“Through the Social Action Fund, we are supporting organisations that are creating new opportunities for people to get involved and help others,” said Nick Hurd MP.

“I am particularly keen for more young people to get the opportunity to contribute to their community and develop their skills and confidence.”

15-year-old Aishat Atinsola, who volunteers at Canada Water Library, said: “I enjoy being a young volunteer, I communicate with the public and children – its fun.  I am gaining communication skills and it boosts my confidence.”

Cllr Veronica Ward, Southwark’s cabinet member for culture, leisure, sport and the Olympics, said: “It is good to be able to showcase the good work we are doing with our library services.

“As a council we have invested heavily in our libraries across the borough and worked hard to ensure that they serve the needs of the local community.

“As a result, our Summer Volunteers Programme has worked really well this year with over 40 young people from across Southwark volunteering at libraries. We look forward to sharing and learning from our partners within the Network.”

The initiative will be delivered in partnership with the Society of Chief Librarians (SCL) and the Association of Senior Children’s and Education Librarians (ASCEL) and has been made possible following a £127,000 grant from the Cabinet Office’s Social Action Fund.

The Reading Agency, which has many years experience of working with libraries to develop national volunteering programmes, will coordinate the Network and provide new training and resources for librarians on how to engage young volunteers and run successful volunteering programmes.

Last week 10 former street-children performed in Kagyu Samye Dzong’s shrine room in front of a full house.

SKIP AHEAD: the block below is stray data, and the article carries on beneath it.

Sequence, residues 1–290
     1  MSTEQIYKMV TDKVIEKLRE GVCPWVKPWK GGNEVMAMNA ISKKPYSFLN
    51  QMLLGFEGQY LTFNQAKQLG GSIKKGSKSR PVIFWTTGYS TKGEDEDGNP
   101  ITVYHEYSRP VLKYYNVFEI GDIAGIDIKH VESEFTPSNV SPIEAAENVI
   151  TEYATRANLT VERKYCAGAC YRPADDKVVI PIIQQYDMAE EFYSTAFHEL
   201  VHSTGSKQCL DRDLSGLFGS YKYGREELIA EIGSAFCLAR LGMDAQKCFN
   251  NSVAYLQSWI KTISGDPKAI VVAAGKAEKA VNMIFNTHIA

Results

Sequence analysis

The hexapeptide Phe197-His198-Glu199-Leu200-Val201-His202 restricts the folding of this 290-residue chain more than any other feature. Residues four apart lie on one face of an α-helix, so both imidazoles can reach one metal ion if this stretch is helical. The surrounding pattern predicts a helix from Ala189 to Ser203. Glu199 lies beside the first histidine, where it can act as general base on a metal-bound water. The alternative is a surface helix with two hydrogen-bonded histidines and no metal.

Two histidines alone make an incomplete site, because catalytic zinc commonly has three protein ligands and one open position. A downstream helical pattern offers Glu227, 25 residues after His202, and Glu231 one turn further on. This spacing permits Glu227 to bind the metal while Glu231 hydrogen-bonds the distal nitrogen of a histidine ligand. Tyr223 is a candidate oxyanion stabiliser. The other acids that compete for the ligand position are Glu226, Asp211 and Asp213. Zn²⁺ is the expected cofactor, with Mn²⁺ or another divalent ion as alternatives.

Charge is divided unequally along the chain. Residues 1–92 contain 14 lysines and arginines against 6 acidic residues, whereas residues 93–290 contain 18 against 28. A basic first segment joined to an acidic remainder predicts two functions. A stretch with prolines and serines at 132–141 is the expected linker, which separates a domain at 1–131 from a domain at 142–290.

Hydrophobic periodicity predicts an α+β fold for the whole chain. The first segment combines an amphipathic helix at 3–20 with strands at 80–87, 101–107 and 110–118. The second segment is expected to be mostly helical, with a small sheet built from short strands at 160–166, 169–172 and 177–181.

The children were brought to London by the ROKPA charity, which runs the orphanage in Kathmandu where the kids have been looked after, cared for and educated after becoming homeless in often very traumatic circumstances.

The evening started off with a moving speech by the co-founder of ROKPA and vice-president of the charity Lea Wyler. She explained how much it has helped the children to be given a platform to tell of their traumatic experiences in the form of song, dance and play.

The children’s lively eyes, engaging smiles and faces full of hope could not fail to melt every one of the 120 hearts in the room. Photographs and film footage projected onto a screen behind the young performers provided the context to their story showing shots of their home country and also of what their lives were like before they were taken in by the ROKPA children’s home.

After the tumultuous applause had quietened down, Dr Akong Tulku Rinpoche the founder of Samye Ling Monastery in Scotland, and co-founder of the ROKPA charity was invited onto the stage. He spoke of his own struggles of facing a situation of near-starvation when he escaped Tibet, having to beg and experiencing tremendous suffering and explained how that has lead him to see how important it is to provide, food, shelter and, possibly above all, much-needed kindness.

A team of 20 young people and staff from Salmon Youth Centre in Bermondsey are taking on the adventure of a lifetime next weekend to climb the highest mountains of England, Scotland and Wales – within 24 hours.

Joining staff from Standard Chartered Bank, the gruelling challenge will see the team scale Ben Nevis in Scotland, Scafell Pike in England, and Snowdon in Wales to complete the renowned Three Peaks Challenge between Thursday 24 and Friday 25 May.

Despite the obvious challenges, Miranda Haslem, a Youth Worker at Salmon, is looking forward to it. She said: “We’re all very excited about it as none of us here at Salmon have done it before so it will be well out of our comfort zone. We’re lucky to have the experienced guys from Standard Chartered with us to guide the way!”

Also excited is 16 year old Jack Clayton, a young volunteer at Salmon. He said: “I was going to do the London Marathon this year until I found out I was too young for it, so I set myself a challenge to do this instead and raise money for Salmon along the way.

“I’ve been coming to Salmon since I was 14 and being here has really changed me a lot – I’ve developed skills such as timekeeping, team work and leadership which will help me in future for jobs. I’m looking forward to completing the challenge in under 24 hours – with some time to spare!”

The team is hoping to raise £10,000 to help fund Salmon’s work with disadvantaged young people. To find out more and to make a donation, please visit www.virginmoneygiving.com/team/SCSquared